New York needs to open pop-up vaccine centers immediately: Dr. Nicole Saphier
Fox News medical contributor Dr. Nicole Saphier provides insight into the coronavirus vaccine rollout on ‘Fox and Friends.’
A Manhattan health care center that has been sitting on hundreds of doses of the coronavirus vaccine for two weeks has finally gotten approval to distribute the unused doses in a manner compliant with Gov. Andrew Cuomo’s strict rules.
Callen-Lorde Health Center received 600 doses of Moderna’s COVID-19 vaccine two weeks ago, as first reported by The New York Times, which was more than the clinic needed. As a result, about half of those doses sat in storage – because the clinic was unsure how they could be used in a way that did not violate state guidance.
A spokesperson for Callen-Lorde told Fox News on Friday that it received approval to begin distributing the doses in a manner compliant with regulations.
"We got the green light this week from the state to begin vaccinating community partners that fit the current criteria and have started to vaccinate those folks," the spokesperson said. "We are now in conversations with an additional 10 community partners to begin vaccinating their staff next week."
However, as of Friday the center still had just shy of 300 doses remaining, indicative of the flawed rollout patterns observed in states throughout the U.S. at a time when confirmed virus cases are soaring.
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"It's critically important that we distribute every dose we have as equitably and efficiently as possible," Dr. Peter Meacher, chief medical officer at Callen-Lorde, said in a statement. "The uncertainty about supply makes this incredibly difficult, but at the end of the day, we have an urgent responsibility to get the vaccine into the arms of our patients as quickly as possible."
As previously reported by Fox News, New York City Mayor Bill de Blasio has also been frustrated by New York state’s guidelines – after his plan to vaccinate the NYPD was struck down by the rules this week.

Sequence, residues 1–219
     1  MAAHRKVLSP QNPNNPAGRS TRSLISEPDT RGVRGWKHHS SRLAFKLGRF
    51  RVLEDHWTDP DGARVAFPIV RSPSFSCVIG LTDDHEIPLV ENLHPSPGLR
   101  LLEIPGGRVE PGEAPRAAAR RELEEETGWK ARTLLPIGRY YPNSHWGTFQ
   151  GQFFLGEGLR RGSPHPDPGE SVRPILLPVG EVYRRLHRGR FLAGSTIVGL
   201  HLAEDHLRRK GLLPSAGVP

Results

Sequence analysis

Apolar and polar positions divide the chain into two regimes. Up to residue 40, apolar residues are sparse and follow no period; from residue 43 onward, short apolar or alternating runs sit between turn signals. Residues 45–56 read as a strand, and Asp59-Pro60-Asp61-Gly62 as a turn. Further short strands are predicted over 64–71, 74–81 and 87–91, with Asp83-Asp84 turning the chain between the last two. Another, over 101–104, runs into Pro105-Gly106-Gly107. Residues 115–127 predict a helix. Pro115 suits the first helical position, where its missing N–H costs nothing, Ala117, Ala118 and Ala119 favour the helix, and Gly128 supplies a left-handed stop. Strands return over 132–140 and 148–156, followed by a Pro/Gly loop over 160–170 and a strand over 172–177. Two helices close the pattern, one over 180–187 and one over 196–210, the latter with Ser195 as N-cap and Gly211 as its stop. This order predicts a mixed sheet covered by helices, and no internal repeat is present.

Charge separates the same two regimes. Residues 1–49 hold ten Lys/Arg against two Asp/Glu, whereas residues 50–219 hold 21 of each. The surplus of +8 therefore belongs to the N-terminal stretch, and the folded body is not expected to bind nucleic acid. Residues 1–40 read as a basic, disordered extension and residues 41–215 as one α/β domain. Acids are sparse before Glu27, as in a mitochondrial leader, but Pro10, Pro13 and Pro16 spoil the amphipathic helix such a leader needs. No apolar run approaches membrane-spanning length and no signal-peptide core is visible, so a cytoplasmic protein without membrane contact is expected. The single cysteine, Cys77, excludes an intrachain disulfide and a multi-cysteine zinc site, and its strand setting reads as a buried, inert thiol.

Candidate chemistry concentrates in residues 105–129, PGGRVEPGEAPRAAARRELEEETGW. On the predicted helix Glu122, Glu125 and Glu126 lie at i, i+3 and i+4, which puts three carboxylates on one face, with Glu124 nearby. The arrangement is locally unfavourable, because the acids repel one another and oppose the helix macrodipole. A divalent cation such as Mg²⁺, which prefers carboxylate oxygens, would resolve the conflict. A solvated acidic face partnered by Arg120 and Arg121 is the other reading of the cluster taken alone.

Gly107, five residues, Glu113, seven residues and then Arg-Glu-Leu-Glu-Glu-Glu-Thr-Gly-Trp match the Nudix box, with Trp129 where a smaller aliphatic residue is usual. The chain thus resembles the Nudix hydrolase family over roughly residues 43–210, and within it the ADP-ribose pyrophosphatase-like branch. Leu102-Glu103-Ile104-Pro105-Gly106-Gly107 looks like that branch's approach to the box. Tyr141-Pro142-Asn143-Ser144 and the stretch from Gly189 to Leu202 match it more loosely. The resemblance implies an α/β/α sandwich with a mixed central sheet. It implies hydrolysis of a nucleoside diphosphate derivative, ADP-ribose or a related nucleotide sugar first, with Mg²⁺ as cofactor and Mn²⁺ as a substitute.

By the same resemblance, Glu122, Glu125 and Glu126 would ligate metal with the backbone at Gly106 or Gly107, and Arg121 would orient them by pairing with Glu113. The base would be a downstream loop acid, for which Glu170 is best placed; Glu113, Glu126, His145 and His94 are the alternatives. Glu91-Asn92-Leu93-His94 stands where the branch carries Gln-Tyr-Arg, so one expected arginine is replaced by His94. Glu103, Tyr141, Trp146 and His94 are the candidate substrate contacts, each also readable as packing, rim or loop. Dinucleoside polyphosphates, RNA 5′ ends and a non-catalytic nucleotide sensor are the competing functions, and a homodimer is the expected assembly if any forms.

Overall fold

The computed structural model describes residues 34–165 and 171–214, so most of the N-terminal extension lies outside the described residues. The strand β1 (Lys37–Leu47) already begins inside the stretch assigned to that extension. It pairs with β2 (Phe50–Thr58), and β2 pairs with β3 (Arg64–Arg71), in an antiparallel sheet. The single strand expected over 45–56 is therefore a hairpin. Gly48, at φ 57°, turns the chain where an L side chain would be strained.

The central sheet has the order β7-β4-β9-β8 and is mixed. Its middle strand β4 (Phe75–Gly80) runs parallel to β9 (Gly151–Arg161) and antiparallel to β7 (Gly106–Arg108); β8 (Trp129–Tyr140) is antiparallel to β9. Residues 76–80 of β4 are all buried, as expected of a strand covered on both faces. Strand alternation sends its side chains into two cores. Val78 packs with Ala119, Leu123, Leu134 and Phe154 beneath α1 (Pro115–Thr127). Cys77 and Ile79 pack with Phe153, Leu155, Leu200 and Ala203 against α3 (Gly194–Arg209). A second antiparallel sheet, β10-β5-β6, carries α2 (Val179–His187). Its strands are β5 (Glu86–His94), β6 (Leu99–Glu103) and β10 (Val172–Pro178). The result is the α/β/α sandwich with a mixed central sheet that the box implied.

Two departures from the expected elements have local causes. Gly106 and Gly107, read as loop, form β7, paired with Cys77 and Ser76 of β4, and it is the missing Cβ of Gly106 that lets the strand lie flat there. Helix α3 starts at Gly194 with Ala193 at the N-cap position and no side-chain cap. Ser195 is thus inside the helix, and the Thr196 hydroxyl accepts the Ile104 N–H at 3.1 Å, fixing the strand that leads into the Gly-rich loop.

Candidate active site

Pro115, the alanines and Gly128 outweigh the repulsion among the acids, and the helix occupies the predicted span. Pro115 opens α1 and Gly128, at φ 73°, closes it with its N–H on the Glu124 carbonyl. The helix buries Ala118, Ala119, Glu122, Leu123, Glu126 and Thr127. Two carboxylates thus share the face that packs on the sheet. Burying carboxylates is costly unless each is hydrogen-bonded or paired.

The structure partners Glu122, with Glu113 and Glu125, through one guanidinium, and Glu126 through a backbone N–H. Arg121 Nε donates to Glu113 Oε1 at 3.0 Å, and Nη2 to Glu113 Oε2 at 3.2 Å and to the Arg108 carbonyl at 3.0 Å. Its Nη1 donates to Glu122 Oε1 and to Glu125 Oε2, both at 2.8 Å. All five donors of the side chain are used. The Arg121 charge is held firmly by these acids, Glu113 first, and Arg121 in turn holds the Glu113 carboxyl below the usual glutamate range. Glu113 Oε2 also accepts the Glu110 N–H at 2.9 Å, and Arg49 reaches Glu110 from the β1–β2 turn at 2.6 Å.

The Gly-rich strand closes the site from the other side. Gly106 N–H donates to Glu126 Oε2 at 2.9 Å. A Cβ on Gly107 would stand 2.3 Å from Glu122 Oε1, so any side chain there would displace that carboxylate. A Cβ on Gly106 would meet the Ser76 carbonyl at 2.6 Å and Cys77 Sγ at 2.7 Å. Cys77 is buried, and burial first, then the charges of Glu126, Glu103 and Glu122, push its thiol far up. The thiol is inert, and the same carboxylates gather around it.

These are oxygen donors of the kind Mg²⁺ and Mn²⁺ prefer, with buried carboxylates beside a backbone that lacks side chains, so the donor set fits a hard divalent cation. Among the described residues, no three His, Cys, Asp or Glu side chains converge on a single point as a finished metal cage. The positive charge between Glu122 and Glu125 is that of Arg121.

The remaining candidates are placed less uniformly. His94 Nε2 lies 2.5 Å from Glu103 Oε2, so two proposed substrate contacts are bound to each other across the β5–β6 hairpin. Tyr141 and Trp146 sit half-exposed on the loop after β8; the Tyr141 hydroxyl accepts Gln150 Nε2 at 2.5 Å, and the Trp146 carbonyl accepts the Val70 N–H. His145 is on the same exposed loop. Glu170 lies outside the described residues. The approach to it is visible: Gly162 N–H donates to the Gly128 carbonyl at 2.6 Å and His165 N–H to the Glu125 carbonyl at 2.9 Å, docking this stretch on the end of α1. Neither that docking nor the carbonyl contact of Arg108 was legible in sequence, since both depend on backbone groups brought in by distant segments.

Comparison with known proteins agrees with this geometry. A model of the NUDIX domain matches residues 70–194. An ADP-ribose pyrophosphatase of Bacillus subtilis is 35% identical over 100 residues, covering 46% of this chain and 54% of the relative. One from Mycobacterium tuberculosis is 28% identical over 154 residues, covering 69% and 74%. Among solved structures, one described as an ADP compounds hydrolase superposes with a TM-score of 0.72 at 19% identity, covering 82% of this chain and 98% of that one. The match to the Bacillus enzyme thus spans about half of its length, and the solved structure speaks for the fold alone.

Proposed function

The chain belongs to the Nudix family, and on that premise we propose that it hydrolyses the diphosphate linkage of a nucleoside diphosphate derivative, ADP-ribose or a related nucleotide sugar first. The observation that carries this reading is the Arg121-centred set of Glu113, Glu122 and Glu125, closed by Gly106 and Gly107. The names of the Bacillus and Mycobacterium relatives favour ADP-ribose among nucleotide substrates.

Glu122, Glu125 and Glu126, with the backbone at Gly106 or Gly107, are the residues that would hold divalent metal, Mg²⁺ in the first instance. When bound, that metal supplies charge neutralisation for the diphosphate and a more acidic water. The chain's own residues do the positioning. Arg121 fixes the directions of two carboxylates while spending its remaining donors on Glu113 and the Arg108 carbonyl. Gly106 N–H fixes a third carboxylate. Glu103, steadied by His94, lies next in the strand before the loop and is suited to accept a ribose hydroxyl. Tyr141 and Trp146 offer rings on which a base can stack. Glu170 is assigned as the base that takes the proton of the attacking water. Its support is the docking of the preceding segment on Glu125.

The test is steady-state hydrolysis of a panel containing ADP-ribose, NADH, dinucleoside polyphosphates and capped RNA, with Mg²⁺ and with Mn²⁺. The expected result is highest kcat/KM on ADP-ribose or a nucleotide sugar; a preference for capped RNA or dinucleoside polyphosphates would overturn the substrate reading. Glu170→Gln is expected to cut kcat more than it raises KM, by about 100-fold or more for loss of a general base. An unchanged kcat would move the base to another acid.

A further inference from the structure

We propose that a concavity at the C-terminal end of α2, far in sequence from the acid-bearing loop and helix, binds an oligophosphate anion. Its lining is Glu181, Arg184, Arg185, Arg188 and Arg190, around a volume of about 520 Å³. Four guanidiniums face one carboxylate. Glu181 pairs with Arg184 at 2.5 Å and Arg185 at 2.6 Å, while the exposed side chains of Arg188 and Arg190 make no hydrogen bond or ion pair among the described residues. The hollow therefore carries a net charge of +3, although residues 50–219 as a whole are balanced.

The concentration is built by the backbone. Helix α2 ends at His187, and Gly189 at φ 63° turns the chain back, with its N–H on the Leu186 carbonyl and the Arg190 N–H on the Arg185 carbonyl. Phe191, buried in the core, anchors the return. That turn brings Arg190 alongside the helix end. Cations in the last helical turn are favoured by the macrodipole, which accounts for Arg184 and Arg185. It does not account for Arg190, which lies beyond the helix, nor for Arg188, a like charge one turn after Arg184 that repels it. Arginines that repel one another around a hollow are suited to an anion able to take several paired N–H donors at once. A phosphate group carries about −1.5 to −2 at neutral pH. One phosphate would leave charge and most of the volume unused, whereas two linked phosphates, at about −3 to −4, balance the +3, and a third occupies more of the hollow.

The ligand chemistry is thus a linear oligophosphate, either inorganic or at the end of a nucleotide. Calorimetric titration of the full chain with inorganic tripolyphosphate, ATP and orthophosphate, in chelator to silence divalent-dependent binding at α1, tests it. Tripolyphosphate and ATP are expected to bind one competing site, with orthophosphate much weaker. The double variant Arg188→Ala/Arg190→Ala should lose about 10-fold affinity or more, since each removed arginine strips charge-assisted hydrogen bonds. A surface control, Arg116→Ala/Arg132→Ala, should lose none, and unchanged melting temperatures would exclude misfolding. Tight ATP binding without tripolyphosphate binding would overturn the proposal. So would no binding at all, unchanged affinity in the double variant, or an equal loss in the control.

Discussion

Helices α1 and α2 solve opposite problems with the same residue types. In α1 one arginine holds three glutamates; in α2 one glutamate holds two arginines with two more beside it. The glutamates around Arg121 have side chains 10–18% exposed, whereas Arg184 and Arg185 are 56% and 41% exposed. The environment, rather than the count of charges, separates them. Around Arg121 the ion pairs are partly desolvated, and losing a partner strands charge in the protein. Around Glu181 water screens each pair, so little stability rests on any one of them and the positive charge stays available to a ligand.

He urged the state to give his office "freedom to vaccinate" on Thursday.
According to the state’s guidelines, the first tier of the vaccines are to be distributed to high risk hospital workers, EMS workers, urgent care providers, residents and staff at nursing homes – among a few other select groups.
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New York is among many states where the vaccine rollout proceeded at a slower-than-expected pace.
California Democratic Gov. Gavin Newsom said earlier this week that state officials were working to accelerate the vaccine distributions in his state, which is in the midst of a devastating outbreak.
"It's gone too slowly," Newsom said during a press conference. "I know for many of us, all of us, I think we want to see 100% of what's received immediately administered in people's arms, and so that's a challenge."
Newsom said 454,000 doses had been administered as of Sunday. The state is working to allow more providers eligibility to distribute the vaccine, like dental offices for example.
Meanwhile, throughout the country as a whole, health care facilities had distributed more than 6.8 million doses of the vaccine as of Friday. But the government had predicted that 20 million people would be vaccinated by the end of December.
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